TEMPO.CO, Jakarta - The digital technology revolution has led to a flourish of practical and efficient application based taxi services. Government regulations should not smother this development. However, there must be a level playing field so that the conventional taxi business also thrives, which will ultimately benefit consumers.
The government has just issued a regulation on the operations of application based taxi services. An important point in this regulation is the imposition of a minimum tariff. Application based taxis, according to Transport Minister Budi Karya Sumadi, can be cheap because they use a subsidy system. This could be seen as predatory pricing, in which a wealthy business owner can prey on competitors by dropping prices.
There is a problem with this regulation: it does nothing to push conventional taxis to make their businesses more efficient. However, they have long enjoyed large profit margins from substandard services. The minimum tariff will serve as a disincentive for the owners of conventional taxis to improve their services for the benefit of consumers.
Application based taxis use a different business model. They seek added value, like other dotcom businesses. But the pricing formula for application based taxis can be monitored accurately. Technology makes it possible for the introduction of variables such as tariff per kilometer, time, level of congestion and the number of drivers. This means the government can monitor the fairness of the application based taxi companies. And for conventional taxis, the prices set by the government is largely influenced by the political lobbying of business owners.
The second problem lies with quotas. Local governments are given the authority to set limits on the number of application based taxis. This rule will create opportunities for deals to buy and sell quotas. There is discrimination here because at the same time, there are no limits on the number of conventional taxis allowed to operate.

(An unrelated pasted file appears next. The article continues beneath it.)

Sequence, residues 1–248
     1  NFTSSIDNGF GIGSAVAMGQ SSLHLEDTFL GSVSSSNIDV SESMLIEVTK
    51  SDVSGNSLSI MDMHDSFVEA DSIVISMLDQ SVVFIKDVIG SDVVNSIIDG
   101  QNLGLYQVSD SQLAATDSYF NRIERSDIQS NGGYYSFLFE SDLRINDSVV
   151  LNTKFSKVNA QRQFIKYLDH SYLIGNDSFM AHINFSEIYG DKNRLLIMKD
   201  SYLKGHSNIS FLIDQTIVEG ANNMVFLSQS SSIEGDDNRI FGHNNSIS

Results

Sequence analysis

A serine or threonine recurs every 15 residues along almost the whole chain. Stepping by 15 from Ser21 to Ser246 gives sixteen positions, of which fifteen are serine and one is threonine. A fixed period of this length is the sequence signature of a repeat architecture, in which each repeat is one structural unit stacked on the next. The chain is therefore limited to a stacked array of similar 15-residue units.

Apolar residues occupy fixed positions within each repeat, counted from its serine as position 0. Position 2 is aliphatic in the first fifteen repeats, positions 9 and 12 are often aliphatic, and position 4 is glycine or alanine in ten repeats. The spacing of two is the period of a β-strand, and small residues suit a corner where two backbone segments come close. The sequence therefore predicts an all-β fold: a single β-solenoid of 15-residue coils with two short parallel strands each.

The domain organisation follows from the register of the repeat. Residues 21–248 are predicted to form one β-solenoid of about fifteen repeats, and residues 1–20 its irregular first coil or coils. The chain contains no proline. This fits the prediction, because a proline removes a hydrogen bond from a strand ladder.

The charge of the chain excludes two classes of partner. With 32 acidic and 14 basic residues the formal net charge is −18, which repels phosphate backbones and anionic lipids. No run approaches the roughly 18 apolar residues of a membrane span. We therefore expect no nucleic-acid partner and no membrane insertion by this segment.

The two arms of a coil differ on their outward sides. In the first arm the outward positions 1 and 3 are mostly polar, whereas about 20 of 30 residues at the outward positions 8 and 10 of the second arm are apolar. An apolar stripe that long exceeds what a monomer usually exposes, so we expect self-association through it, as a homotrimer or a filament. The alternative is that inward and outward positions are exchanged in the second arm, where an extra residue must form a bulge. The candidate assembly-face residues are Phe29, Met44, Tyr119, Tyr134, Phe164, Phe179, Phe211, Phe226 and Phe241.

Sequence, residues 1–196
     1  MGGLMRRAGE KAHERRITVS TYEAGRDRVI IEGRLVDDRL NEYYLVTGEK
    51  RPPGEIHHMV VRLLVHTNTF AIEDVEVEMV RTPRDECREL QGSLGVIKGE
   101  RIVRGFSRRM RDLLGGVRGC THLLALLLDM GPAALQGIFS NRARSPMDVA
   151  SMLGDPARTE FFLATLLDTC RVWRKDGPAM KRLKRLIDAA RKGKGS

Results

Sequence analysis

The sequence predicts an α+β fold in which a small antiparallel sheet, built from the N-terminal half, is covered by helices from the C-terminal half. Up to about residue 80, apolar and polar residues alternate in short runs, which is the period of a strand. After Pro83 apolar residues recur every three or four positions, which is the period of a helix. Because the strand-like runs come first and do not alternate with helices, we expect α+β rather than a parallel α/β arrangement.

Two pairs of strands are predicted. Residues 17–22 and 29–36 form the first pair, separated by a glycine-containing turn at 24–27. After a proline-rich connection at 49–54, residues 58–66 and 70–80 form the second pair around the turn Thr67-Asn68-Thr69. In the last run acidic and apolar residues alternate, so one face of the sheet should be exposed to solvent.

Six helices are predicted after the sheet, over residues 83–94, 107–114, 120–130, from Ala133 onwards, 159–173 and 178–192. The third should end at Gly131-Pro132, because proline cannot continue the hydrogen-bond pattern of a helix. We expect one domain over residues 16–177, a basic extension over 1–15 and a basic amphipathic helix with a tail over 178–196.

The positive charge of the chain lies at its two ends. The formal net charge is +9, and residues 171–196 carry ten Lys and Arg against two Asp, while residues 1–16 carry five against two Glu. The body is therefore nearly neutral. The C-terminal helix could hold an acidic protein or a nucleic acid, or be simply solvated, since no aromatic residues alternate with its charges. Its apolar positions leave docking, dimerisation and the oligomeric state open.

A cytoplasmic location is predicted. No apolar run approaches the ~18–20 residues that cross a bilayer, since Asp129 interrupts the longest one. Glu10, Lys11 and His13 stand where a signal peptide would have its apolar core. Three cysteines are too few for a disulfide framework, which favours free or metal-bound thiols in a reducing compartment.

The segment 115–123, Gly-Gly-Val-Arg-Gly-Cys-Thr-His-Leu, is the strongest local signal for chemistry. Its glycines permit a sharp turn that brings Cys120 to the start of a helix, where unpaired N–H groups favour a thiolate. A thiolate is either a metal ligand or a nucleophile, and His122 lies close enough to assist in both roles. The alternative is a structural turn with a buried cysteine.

Governments in many countries are still unsure on how to regulate app-based taxi services. There have been different responses to the emergence of Uber, which began in San Francisco in 2011. Japan, Canada, Brazil and India banned it. Germany and France disallowed discount tariffs because it would disadvantage conventional taxis. Denmark suspended operations of Uber vehicles until they were fitted with passenger sensors and meters.
The digital application based business has, for better or worse, shaken not only the transportation business, but also the retail and media sectors. The key in responding to this shockwave is the principle of a level playing field in doing business. There must be no discrimination.
It also needs to be made clear that taxis are not public mass transportation. They are an exclusive means of transport for passengers prepared to pay more for comfort. Some still prefer conventional taxis for a number of reasons.
To avoid friction with drivers of conventional taxis, the government should be fair, with the consumer remaining the top priority. The government should focus on quality. Safety and comfort standards, for example, should be applied. Protection for drivers, passengers and vehicle owners-for conventional and app-based taxis-need to be improved and drawn up transparently.
At the same time, the government must work hard to put things right with public mass transportation. Both application based and conventional taxis, as well as motorbike taxis, have flourished because the government has been unable to provide a cheap, safe and competitively priced public transportation system. The technology revolution cannot be stopped simply to cover up this failing. (*)
Read the full story in this week's edition of Tempo English Magazine